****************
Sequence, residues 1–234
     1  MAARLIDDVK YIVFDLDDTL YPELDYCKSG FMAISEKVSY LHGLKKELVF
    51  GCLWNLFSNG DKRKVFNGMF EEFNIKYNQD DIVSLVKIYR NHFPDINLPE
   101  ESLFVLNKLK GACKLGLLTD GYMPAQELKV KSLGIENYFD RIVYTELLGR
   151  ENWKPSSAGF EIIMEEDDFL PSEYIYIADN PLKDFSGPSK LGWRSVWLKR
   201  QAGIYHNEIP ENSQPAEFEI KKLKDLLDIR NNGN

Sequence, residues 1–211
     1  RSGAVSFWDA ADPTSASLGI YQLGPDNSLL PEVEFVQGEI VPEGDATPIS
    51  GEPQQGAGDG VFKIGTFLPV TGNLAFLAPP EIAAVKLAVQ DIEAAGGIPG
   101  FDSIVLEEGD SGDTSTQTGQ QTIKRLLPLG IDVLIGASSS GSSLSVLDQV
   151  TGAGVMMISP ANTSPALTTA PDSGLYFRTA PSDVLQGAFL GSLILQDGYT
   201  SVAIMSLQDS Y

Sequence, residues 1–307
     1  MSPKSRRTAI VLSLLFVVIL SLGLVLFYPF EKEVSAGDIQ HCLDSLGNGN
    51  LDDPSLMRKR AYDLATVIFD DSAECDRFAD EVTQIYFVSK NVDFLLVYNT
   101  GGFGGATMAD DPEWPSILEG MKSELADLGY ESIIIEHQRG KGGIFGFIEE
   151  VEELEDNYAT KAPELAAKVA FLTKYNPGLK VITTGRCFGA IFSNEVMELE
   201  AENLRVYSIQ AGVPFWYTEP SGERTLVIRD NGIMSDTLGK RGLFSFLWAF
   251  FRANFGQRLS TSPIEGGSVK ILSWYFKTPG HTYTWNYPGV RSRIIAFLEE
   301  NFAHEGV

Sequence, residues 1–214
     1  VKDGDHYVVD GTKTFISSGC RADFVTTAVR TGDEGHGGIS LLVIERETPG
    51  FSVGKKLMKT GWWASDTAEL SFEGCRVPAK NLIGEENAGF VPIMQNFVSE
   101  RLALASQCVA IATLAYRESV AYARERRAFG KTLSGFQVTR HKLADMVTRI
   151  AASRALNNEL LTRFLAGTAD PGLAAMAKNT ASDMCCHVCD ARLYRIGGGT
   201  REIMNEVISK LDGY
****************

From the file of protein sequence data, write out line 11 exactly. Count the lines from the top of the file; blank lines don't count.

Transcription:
   151  TGAGVMMISP ANTSPALTTA PDSGLYFRTA PSDVLQGAFL GSLILQDGYT